There is a voice within the tradition, most famously identified with R. Shimon bar Yochai, that regards engagement with the world as fundamentally incompatible with the heights of spirituality. But the mainstream held otherwise. “Torah study without an occupation will in the end fail and lead to sin” (Avot 2: 2). “One who makes his mind up to study Torah and not to work but to live on charity, profanes the name of God, brings the Torah into contempt, extinguishes the light of religion, brings evil upon himself, and deprives himself of life hereafter” (Maimonides, Laws of Torah Study 3:10).
The spies did not want to contaminate Judaism by bringing it into contact with the real world. They sought the eternal childhood of God’s protection and the endless honeymoon of His all-embracing love. There is something noble about this desire, but also something profoundly irresponsible that demoralised the people and provoked God’s anger. For the Jewish project – the Torah as the constitution of the Jewish nation under the sovereignty of God – is about building a society in the land of Israel that so honours human dignity and freedom that it will one day lead the world to say, “Surely this great nation is a wise and understanding people” (Deut. 4: 6).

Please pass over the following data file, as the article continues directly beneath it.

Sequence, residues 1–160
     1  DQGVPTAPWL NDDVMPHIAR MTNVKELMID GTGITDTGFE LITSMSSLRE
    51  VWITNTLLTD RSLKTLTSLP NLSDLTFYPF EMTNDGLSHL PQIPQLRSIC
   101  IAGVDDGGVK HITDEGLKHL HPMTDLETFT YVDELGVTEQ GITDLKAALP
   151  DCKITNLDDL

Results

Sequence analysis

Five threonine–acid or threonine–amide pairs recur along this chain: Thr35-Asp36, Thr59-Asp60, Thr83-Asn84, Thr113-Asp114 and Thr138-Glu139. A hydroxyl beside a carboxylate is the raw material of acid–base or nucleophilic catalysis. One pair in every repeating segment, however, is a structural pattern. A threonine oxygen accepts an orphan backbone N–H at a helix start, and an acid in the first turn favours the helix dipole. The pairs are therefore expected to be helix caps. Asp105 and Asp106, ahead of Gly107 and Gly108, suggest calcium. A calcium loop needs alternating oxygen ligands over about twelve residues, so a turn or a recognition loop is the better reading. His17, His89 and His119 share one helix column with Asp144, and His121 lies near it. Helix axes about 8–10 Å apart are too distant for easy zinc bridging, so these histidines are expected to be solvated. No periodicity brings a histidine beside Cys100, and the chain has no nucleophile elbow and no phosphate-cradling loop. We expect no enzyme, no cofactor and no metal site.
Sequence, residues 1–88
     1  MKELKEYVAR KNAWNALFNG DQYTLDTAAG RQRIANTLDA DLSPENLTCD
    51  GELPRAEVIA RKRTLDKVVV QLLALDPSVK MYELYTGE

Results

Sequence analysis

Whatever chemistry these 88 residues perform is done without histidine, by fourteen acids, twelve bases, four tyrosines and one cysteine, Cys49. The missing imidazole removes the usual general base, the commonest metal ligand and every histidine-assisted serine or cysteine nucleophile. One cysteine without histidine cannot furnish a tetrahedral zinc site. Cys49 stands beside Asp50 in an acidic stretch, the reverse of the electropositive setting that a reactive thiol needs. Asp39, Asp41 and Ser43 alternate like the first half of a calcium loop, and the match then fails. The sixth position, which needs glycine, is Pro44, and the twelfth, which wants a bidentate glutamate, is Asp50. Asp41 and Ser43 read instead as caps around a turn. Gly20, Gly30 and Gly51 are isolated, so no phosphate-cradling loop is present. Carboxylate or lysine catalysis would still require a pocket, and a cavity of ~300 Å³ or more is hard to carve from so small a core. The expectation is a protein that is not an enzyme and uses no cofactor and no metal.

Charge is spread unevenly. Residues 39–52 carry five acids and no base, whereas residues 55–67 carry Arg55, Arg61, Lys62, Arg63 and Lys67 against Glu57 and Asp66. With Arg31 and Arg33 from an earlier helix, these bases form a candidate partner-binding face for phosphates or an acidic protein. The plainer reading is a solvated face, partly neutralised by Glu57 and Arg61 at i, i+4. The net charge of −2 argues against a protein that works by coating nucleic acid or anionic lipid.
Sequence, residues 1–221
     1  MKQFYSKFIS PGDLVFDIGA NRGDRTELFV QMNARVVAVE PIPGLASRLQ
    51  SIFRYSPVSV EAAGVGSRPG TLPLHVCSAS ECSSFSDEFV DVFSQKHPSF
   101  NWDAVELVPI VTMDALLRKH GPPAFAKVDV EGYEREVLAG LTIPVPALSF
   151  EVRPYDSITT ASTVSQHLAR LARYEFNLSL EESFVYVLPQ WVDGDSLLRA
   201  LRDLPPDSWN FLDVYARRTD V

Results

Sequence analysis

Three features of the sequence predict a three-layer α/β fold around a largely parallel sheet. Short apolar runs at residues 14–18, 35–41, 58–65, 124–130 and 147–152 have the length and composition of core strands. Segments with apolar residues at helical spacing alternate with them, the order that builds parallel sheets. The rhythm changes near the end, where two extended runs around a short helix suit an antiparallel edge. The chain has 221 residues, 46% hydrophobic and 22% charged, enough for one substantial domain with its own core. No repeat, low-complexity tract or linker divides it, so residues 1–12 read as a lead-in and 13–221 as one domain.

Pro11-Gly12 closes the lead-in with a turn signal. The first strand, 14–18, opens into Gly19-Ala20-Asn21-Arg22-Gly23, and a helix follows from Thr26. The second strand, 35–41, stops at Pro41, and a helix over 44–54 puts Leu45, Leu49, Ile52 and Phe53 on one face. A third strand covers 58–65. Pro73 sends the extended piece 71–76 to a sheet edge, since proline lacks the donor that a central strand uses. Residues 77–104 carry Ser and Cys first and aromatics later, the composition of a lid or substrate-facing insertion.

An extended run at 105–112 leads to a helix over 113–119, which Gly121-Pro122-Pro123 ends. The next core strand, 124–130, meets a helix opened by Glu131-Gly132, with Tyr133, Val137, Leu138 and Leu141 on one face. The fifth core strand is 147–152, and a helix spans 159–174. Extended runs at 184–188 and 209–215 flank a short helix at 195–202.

The Jewish task is not to fear the real world but to enter and transform it. That is what the spies did not understand. Do we – Jews of faith – understand it even now?
HOME Holidays Passover Themes Seder Insights Teach Your Children Well
The world we build tomorrow is born in the stories we tell our children today.
by Chief Rabbi Lord Jonathan Sacks
What creates freedom? A revolution in the streets? Mass protest? Civil war? A change of government? The ousting of the old guard and its replacement by the new? History, more often than not, shows that hopes raised by such events are often dashed, sooner rather than later. “Bliss was it in that dawn to be alive,” wrote Wordsworth about the French revolution, but the mood did not last long. It rarely does. Sometimes all that happens is that the tyranny of the minority is replaced by the tyranny of the majority; sometimes not even that. The faces change. The suffering remains.